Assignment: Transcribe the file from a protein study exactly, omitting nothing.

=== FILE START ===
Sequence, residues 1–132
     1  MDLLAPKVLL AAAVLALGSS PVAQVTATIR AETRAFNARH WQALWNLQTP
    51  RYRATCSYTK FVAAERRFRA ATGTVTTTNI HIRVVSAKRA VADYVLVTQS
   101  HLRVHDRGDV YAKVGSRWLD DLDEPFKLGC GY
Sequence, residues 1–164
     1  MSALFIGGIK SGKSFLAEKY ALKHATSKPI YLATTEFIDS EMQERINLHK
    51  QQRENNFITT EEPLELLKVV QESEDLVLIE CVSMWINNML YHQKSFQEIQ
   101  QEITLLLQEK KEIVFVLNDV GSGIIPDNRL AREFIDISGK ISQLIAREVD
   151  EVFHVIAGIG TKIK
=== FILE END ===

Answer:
Sequence, residues 1–132
     1  MDLLAPKVLL AAAVLALGSS PVAQVTATIR AETRAFNARH WQALWNLQTP
    51  RYRATCSYTK FVAAERRFRA ATGTVTTTNI HIRVVSAKRA VADYVLVTQS
   101  HLRVHDRGDV YAKVGSRWLD DLDEPFKLGC GY
Sequence, residues 1–164
     1  MSALFIGGIK SGKSFLAEKY ALKHATSKPI YLATTEFIDS EMQERINLHK
    51  QQRENNFITT EEPLELLKVV QESEDLVLIE CVSMWINNML YHQKSFQEIQ
   101  QEITLLLQEK KEIVFVLNDV GSGIIPDNRL AREFIDISGK ISQLIAREVD
   151  EVFHVIAGIG TKIK